1. We have before us five petitions under the provisions of Article 226, Constitution of India and two Rules taken out under the provisions of Article 228. The petitions under Article 226, Constitution of India, are entitled original Misc. cases NOS. 64 to 68 of 1950, and the petitions under Article 228 are registered as civil Rules NO SECTION 104 and 105 of 1951. In all the seven matters, a declaration is sought against the constitutional validity of the Assam Management of Estates Act, 1949 (Act 17 of 1949) which received the assent of the Governor-General on 25-10-1949. For the sake of brevity the Assam Management of Estates Act, 1949, will hereafter be referred to as the impugned Act, the Bihar State Management of Estates and Tenures Act, 1949 (Bihar Act 21 of 1949) as the Bihar Act, and Legislative items NOS. 9 and 21 in List 2 of Schedule 7 to the Government of India Act, 1935, as items 9 and 21 in the 1935 Act, and item 36 in List 2 of Schedule 7 to the Constitution of India, as item 36 in the Constitution of India. In some of the petitions under Article 226, Constitution of India, the identity of the estates has been questioned. We do not propose to deal with the question of the identity of the estates as it should be properly raised in a suit. In none of the petitions under Article 228 has the identity of the estates been questioned.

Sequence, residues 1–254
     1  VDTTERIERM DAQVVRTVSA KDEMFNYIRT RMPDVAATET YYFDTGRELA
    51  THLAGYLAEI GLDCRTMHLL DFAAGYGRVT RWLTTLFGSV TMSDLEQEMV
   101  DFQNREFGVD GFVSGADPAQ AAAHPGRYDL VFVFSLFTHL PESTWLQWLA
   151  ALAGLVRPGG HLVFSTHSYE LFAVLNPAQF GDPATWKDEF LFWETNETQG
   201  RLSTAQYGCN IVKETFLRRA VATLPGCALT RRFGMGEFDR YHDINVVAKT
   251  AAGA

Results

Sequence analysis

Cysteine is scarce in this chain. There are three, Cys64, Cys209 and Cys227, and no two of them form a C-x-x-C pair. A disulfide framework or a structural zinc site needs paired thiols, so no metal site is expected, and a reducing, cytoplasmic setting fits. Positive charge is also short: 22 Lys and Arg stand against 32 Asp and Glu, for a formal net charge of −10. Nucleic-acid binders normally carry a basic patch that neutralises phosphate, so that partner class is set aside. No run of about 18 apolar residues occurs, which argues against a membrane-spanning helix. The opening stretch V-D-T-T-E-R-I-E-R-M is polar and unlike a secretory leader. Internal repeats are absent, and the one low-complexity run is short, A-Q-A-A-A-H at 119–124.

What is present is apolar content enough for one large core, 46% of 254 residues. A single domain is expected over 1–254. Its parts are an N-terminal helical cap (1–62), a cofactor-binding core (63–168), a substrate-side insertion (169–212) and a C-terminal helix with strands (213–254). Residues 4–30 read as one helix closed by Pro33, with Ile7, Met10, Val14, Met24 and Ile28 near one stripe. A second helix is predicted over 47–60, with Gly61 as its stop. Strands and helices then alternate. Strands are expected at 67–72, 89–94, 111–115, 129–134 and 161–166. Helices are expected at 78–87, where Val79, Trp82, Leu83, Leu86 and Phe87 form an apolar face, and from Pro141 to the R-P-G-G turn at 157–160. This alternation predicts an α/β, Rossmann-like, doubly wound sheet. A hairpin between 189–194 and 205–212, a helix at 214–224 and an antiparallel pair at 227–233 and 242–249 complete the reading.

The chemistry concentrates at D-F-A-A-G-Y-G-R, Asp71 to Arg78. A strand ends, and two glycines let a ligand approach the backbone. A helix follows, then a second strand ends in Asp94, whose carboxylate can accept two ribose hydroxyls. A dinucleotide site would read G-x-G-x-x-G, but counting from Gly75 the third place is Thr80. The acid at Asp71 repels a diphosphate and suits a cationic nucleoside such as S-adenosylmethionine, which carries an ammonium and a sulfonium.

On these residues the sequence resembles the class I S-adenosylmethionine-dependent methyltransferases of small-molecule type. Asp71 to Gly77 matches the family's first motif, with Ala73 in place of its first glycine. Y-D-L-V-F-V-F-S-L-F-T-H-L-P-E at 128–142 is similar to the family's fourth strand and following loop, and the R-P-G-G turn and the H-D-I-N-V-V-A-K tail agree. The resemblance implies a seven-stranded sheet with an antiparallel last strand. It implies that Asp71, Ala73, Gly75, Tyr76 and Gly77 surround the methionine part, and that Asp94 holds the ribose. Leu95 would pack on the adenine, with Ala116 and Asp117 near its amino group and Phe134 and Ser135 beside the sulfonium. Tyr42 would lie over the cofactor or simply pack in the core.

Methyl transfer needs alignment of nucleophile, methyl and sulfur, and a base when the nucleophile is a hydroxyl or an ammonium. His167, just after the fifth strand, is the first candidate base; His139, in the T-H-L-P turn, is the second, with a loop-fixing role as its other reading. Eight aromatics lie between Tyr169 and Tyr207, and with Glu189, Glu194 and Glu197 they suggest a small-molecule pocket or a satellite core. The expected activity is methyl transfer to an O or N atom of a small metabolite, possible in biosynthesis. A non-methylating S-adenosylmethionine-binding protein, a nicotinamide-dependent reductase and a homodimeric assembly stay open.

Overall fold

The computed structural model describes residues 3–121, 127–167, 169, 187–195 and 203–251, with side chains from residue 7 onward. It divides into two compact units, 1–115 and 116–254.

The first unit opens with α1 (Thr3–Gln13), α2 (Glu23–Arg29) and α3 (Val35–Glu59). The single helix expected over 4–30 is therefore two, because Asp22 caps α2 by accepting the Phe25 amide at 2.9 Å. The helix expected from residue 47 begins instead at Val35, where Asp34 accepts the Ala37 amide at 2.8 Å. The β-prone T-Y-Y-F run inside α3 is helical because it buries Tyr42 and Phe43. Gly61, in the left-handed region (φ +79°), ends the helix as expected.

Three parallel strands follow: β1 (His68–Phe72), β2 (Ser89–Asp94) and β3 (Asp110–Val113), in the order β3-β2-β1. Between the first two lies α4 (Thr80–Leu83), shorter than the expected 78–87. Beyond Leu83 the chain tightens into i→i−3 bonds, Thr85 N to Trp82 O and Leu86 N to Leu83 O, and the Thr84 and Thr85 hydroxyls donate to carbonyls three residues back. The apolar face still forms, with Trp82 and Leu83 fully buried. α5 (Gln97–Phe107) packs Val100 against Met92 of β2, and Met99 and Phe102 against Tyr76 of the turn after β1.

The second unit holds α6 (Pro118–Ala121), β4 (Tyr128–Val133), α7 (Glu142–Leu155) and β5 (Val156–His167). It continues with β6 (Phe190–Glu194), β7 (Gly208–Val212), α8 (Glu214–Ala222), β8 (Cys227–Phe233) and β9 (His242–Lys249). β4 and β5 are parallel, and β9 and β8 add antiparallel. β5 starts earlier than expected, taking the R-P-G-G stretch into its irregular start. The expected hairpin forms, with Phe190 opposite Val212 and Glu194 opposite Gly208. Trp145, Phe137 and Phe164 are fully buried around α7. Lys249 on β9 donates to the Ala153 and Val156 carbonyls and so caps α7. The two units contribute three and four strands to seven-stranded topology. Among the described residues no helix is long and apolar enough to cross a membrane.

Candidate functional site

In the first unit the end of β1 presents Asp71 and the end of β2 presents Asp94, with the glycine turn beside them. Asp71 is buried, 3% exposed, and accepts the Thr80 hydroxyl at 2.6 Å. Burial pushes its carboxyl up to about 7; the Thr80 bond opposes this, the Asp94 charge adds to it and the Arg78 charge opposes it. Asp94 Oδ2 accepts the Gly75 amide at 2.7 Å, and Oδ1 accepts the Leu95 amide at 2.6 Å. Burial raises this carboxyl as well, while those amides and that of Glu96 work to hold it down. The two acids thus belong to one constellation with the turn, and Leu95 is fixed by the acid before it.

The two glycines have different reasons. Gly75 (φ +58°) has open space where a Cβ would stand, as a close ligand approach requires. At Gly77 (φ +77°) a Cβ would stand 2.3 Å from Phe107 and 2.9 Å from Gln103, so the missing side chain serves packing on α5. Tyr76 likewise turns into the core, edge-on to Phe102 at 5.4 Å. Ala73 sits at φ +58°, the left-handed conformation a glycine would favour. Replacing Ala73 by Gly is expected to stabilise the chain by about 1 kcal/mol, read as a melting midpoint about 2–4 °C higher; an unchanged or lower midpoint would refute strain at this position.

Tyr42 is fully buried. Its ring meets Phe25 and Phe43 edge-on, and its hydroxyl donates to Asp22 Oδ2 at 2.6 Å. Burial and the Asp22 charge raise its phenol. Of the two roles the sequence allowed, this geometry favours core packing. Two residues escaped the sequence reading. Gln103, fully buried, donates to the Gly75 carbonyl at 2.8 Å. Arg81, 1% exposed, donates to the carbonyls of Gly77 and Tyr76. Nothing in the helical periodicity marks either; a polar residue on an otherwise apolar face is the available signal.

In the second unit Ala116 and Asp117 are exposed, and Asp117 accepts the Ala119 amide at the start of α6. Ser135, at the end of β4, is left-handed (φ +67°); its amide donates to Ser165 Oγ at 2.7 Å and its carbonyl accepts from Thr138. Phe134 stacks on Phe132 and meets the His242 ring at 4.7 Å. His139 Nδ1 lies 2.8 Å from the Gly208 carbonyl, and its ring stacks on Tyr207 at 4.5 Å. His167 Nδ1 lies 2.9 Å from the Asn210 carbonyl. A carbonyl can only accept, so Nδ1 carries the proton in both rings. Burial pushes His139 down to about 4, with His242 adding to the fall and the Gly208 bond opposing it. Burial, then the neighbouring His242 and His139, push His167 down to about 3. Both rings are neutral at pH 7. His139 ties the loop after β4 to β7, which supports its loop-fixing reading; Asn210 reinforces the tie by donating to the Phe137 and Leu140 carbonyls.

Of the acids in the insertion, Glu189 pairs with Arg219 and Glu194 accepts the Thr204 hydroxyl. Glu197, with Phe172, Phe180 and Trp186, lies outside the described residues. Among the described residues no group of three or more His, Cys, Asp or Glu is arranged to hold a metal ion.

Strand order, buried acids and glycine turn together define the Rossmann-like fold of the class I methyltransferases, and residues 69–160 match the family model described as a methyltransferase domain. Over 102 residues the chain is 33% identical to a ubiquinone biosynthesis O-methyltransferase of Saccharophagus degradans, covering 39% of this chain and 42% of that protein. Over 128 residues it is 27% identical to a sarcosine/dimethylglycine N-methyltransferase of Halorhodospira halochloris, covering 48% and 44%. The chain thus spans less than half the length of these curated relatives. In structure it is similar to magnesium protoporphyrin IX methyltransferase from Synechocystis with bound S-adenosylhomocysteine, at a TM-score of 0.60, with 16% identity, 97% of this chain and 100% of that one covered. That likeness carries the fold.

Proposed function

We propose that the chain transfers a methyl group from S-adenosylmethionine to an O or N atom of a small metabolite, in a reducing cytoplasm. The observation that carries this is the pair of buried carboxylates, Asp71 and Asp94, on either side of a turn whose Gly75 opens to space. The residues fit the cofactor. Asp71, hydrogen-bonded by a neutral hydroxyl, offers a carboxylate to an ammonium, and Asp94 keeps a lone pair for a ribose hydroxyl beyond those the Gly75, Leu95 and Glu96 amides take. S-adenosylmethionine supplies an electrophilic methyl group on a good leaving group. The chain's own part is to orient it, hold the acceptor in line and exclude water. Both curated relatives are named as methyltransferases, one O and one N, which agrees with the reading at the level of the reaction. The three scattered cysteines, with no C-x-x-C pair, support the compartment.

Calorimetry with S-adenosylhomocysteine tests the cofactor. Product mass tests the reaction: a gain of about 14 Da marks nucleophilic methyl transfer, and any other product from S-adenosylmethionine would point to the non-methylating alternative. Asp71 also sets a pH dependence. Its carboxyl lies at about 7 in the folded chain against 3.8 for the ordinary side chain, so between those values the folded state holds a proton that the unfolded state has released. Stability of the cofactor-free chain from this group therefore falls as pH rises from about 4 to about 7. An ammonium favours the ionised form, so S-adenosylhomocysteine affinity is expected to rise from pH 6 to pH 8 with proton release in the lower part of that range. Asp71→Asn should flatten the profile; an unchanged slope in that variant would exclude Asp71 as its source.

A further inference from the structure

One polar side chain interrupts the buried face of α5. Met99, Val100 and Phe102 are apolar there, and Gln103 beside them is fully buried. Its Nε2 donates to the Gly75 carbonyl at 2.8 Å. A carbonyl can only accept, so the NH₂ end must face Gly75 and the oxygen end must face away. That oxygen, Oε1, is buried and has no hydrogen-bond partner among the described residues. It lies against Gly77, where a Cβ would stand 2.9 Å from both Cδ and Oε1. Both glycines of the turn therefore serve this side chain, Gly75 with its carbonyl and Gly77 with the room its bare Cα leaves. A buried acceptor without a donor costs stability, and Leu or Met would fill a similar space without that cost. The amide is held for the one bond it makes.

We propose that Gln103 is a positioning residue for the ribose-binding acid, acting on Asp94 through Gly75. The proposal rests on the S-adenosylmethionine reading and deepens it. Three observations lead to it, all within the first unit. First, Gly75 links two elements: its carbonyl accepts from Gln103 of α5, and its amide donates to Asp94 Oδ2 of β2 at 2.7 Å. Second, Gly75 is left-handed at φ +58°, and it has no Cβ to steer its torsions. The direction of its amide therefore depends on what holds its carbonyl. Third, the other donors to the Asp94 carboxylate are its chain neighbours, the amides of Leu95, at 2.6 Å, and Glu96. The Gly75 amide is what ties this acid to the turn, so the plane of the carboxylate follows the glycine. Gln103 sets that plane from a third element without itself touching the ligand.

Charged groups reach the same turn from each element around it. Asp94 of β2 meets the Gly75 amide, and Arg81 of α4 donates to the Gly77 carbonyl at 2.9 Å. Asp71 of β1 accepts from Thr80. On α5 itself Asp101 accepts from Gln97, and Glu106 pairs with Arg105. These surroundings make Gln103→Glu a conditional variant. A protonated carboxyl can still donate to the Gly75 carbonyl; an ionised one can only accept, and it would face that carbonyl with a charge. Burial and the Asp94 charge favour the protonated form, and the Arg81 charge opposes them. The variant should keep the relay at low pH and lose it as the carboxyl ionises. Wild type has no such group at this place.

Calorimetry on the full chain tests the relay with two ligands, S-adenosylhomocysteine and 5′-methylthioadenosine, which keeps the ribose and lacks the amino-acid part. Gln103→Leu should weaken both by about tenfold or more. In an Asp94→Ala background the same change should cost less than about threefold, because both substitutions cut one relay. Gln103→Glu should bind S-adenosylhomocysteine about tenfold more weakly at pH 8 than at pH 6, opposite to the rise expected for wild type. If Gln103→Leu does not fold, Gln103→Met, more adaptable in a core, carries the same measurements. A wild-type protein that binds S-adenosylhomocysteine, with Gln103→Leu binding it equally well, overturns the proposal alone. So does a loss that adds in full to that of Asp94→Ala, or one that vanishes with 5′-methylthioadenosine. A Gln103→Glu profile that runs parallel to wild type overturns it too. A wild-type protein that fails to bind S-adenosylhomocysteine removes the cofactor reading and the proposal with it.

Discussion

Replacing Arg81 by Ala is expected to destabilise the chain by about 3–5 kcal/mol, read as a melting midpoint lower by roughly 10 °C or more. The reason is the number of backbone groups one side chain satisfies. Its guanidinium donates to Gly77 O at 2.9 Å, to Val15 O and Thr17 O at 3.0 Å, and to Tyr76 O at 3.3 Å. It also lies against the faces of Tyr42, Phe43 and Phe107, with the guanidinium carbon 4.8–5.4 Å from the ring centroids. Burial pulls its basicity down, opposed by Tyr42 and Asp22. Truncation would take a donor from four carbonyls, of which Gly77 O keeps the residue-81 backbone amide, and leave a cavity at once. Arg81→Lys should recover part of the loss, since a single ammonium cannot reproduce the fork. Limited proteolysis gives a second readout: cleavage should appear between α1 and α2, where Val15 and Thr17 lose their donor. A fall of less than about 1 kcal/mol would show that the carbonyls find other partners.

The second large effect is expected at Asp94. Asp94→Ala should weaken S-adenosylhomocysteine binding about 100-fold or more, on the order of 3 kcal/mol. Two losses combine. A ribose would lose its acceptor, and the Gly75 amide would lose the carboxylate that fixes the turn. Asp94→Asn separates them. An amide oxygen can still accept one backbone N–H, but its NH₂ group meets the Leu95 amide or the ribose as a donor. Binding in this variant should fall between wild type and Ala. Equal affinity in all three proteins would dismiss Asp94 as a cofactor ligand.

2. Mr. Ghose who appears for all the petitioners contends (i) that the impugned Act was not within the legislative competence of the Assam Legislature; (2) that the impugned Act is void as it does not conform to the provisions of Section 299, Government of India Act, 1935; (3) that the impugned Act is void as it infringes the petitioners' fundamental right guaranteed by Article 19(1)(f), onstitution of India, in that the provisions of the impugned Act are not reasonable restrictions imposed in the interest of the public; (4) that the certificate granted by the President of India under Article 31(6) does not debar this Court from considering the question as to whether the acquisition, if there was an acquisition of the estates involved,' was for a public purpose.